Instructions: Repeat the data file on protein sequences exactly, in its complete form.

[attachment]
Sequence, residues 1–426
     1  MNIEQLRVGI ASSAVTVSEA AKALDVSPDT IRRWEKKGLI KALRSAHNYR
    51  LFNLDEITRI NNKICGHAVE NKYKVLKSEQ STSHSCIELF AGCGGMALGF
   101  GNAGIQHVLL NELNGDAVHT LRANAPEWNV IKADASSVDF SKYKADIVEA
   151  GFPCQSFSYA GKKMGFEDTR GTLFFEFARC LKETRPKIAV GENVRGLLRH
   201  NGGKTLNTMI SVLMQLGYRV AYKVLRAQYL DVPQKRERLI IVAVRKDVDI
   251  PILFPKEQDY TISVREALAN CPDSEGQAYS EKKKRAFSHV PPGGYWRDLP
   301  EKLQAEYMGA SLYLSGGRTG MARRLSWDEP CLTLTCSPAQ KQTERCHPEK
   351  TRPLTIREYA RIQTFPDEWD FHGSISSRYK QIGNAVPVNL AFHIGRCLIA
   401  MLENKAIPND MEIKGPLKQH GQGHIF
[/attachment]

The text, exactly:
Sequence, residues 1–426
     1  MNIEQLRVGI ASSAVTVSEA AKALDVSPDT IRRWEKKGLI KALRSAHNYR
    51  LFNLDEITRI NNKICGHAVE NKYKVLKSEQ STSHSCIELF AGCGGMALGF
   101  GNAGIQHVLL NELNGDAVHT LRANAPEWNV IKADASSVDF SKYKADIVEA
   151  GFPCQSFSYA GKKMGFEDTR GTLFFEFARC LKETRPKIAV GENVRGLLRH
   201  NGGKTLNTMI SVLMQLGYRV AYKVLRAQYL DVPQKRERLI IVAVRKDVDI
   251  PILFPKEQDY TISVREALAN CPDSEGQAYS EKKKRAFSHV PPGGYWRDLP
   301  EKLQAEYMGA SLYLSGGRTG MARRLSWDEP CLTLTCSPAQ KQTERCHPEK
   351  TRPLTIREYA RIQTFPDEWD FHGSISSRYK QIGNAVPVNL AFHIGRCLIA
   401  MLENKAIPND MEIKGPLKQH GQGHIF